Royal Navy Joins Migrant Interdiction Effort in English Channel
The Royal Navy is set to join the effort to patrol the English Channel as an increasing number of foreign migrants attempt to cross the busy seaway to reach Britain. About 540 people attempted to cross the Strait of Dover in 2018, the majority of them in the last three months of the year.
In response to this development, UK defense secretary Gavin Williamson has offered the Home Office the use of the Royal Navy patrol boat HMS Mersey, a 260-foot coastal protection vessel that is normally tasked with policing the UK's fisheries. "I can confirm that HMS Mersey will deploy to the Dover Straits to assist the UK Border Force and French authorities with their response to migrant crossings," Williamson said in a statement Thursday. "The professionalism of the Royal Navy means the crew have been able to immediately divert from routine operations to help prevent migrants from making the dangerous journey across the Channel."
Williamson initially asked the Home Office to cover Mersey's operating costs of about $25,000 per day, and the deployment was briefly delayed by negotiations over who would pay for the mission.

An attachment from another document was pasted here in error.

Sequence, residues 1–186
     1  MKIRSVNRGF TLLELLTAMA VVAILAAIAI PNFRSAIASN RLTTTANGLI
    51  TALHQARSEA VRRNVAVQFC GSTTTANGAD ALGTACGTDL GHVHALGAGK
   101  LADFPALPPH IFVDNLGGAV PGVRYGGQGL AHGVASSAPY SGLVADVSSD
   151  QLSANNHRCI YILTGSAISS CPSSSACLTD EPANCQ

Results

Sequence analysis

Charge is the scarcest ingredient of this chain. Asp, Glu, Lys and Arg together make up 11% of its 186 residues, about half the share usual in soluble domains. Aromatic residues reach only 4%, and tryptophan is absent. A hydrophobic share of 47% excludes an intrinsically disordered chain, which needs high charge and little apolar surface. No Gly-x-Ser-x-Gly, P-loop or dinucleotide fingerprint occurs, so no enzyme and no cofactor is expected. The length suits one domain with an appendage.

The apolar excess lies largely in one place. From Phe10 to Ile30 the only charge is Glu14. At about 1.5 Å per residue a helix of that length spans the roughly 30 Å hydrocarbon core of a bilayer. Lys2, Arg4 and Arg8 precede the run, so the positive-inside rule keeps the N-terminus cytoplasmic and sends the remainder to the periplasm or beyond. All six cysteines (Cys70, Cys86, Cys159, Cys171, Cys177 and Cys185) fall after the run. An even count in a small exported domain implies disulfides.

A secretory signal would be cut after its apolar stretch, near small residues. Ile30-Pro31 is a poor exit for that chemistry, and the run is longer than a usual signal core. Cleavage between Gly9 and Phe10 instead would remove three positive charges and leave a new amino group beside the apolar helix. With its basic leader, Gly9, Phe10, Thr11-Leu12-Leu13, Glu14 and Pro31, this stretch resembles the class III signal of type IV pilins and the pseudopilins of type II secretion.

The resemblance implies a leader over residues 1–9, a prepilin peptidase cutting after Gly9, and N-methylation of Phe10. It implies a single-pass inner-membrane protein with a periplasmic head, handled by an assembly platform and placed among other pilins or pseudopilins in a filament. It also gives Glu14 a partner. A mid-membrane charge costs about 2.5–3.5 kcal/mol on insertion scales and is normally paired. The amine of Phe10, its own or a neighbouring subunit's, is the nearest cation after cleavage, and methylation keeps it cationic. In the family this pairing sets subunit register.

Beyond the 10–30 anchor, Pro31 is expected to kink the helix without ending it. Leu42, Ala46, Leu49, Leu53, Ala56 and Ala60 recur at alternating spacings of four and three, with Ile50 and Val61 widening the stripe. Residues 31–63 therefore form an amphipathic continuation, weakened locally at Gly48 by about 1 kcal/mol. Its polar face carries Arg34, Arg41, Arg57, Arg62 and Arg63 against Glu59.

Mersey will fill in temporarily while two UK Border Force patrol vessels make their way home from the Mediterranean, where they were previously deployed on a migrant rescue mission. Home Secretary Sajid Javid has recalled them to the UK in response to the uptick in channel crossings.
"It is vital that we are working on all fronts to tackle this ongoing situation and I am grateful to Border Force and other agencies for the tireless work they have done in response to this activity," Javid said in a statement.
However, human rights activists and opposition politicians warned that an interdiction campaign would not necessarily improve matters for refugees. "People will continue to die and be at mercy of traffickers all the time politicians pretend to play tough for votes rather than recognise why people flee," Labour MP Stella Creasy said. "The asylum system in France is completely deadlocked and I fear deliberately so - they should be challenged on that. But none of that means Britain can absolve itself of responsibility to refugees."